I am still really surprised that Queequeg dies. I realize there’s no way to save him and have it be believable, but still. It’s also weird how little is made of Queequeg going down too. [Can you imagine is he somehow managed to get Ishmael and Queequeg rescued on the coffin together–it’s sequel city baby!].
I mentioned in my other post how beautiful I think the Epilogue is, and I will do so here as well. It’s tidy and elegant and unlike many epilogues which sort of tidy up loose threads a little too neatly, this one pulls together various ideas (the coffin, The Rachel) and uses them to give Ishmael a fully believable rescue.
When you reach the end, you realize that this story is something of a eulogy; a whale tale told to someone about the death of his shipmates. This gives the entire book an angle that didn’t exist before. Were I the kind of person who did this sort of thing (I’m not) I would re-read the book with this new information in mind to try to see if the book reads differently knowing the outcome.
I am really very pleased for having read this book. And I’ve more than very pleased to have been able to write these posts here. I hope they’ve been interesting. Thanks for reading.
Hi everyone, I’m Joan and I’m returning to the Zombies fold after almost totally folding on 2666! I first read Moby-Dick as an adult and I’m really glad that it was never required reading for me. I approached it the first time with open arms and I fell in love. It was the pick of the reading group I was in at the time in Brooklyn, and although we extended the time-frame by a month I was the only one to finish it. So I had only myself to discuss it with. Now, around 12 years later, I’m already way ahead in terms of discussion and analysis and it’s only week 1!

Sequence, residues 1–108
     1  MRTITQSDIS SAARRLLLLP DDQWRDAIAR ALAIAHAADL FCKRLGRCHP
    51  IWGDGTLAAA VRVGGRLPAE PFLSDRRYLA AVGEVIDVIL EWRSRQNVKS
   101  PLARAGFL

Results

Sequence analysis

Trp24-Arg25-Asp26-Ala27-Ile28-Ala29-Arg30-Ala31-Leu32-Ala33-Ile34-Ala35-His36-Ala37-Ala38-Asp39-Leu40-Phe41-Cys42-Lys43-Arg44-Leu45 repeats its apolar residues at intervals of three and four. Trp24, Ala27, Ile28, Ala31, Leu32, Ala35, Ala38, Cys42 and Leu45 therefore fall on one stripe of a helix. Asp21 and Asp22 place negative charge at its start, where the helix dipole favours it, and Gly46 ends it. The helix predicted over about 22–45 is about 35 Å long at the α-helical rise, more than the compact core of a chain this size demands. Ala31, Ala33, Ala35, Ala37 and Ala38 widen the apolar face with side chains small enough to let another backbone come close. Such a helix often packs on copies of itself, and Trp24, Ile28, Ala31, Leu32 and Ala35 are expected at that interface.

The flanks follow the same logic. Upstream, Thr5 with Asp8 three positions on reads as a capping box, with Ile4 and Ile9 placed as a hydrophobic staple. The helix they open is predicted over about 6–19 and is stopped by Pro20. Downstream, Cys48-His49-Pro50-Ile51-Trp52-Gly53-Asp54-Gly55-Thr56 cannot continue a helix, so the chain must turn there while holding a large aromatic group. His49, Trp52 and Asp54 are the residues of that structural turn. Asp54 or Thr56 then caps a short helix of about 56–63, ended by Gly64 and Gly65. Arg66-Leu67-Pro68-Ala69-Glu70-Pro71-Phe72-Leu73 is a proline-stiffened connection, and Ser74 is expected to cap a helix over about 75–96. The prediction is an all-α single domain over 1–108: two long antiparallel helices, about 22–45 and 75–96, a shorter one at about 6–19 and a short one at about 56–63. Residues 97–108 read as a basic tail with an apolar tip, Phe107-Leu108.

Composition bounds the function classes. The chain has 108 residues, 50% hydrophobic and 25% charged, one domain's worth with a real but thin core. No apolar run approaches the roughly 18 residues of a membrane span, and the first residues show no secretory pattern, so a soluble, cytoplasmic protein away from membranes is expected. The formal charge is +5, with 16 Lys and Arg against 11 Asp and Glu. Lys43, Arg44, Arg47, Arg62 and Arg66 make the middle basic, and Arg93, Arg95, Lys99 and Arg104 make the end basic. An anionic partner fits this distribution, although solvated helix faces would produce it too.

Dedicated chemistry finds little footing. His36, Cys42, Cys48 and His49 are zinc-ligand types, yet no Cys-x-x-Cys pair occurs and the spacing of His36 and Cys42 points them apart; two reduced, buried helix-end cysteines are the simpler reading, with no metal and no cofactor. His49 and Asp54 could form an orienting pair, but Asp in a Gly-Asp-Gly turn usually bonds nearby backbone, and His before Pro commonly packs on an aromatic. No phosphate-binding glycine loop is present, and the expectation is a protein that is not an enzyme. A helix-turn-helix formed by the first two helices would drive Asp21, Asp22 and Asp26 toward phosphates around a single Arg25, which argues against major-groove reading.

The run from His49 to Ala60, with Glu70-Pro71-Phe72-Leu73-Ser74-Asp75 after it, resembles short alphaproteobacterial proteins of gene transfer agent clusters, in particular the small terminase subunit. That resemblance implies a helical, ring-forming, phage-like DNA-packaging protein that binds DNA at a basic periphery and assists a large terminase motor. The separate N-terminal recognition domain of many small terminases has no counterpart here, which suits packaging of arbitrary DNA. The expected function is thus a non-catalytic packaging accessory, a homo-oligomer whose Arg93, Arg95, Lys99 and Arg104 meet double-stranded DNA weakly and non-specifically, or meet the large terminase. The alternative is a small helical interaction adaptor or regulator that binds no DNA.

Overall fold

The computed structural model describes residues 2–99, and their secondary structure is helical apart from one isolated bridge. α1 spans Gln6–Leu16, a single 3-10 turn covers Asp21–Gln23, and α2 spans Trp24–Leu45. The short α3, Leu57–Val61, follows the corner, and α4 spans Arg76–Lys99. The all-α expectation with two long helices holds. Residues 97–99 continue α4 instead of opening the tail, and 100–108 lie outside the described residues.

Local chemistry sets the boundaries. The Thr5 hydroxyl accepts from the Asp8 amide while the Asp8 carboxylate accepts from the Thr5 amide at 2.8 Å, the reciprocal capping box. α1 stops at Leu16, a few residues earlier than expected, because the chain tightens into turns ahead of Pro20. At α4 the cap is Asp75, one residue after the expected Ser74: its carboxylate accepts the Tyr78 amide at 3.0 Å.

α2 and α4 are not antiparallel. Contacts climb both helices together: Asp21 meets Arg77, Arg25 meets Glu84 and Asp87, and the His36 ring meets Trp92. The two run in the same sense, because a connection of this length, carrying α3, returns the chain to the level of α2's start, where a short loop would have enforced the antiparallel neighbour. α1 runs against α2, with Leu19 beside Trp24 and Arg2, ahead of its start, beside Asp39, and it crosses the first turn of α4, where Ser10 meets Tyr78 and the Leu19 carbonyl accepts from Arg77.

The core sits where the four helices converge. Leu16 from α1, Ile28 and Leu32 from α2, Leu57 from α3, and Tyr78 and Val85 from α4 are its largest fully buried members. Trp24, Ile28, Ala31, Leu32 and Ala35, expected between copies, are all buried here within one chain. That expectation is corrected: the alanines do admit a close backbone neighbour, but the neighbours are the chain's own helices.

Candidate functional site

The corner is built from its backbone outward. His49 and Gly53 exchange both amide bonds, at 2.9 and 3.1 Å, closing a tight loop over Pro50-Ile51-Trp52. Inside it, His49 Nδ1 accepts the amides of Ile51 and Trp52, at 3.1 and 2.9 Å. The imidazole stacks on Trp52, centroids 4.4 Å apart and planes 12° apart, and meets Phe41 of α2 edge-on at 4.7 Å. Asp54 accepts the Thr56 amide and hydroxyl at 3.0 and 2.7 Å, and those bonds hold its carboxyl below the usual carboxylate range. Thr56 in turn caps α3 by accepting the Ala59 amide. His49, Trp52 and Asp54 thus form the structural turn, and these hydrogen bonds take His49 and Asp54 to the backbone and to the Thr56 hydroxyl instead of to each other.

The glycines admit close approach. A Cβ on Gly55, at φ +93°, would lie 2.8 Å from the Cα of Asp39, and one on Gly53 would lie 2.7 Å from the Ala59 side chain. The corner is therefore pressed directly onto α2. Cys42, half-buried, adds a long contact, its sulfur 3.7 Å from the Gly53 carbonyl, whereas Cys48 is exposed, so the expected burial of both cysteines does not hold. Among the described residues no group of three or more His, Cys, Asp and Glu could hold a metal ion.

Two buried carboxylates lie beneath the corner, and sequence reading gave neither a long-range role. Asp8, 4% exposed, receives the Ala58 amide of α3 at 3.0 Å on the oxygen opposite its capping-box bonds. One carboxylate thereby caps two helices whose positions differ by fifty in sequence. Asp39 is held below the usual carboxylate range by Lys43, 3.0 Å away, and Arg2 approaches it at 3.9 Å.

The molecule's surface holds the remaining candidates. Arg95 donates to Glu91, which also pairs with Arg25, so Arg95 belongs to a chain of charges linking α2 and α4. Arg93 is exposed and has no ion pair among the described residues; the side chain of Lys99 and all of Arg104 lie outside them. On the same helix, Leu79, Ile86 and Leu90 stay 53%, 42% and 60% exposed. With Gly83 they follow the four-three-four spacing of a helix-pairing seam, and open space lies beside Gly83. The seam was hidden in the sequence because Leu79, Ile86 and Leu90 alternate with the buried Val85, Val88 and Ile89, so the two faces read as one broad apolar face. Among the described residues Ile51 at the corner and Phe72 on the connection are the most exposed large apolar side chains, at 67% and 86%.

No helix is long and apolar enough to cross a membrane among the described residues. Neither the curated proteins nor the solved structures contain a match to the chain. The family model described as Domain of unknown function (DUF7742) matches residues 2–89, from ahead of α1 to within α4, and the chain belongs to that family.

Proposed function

This time around I’m doing side reading, working my way through a number of the books Daryl reviewed here, particularly Hoare’s The Whale, Delbanco’s Melville, and soon Beachy-Quick’s A Whaler’s Dictionary which should arrive today. Additionally I’m dipping into Eric Jay Dolin’s Leviathan. I feel as though I’m completely immersing myself in Moby-Dick and what a rich world it is.
In what is looking like a bit of a theme for the first week here, I’m going to touch on one of the elements of the work that I truly love. I’m a total sucker for beautifully crafted phrases, the ones that take your breath away and make your heart sing, the ones that you stop, read again, underline and star in the margins, the ones that can in just a few words speak a universal truth. Many years and so many wonderful books have come and gone since my first time with Moby-Dick I had almost forgotten just how poetic and beautiful Melville could be. Sure, it’s an adventure story, and there are so many styles and tones woven together, but it’s those beautiful phrases that keep me coming back. Here are just a few of my favorites so far.
Chapter 12, regarding Queequeg’s native land:
It is not down in any map; true places never are.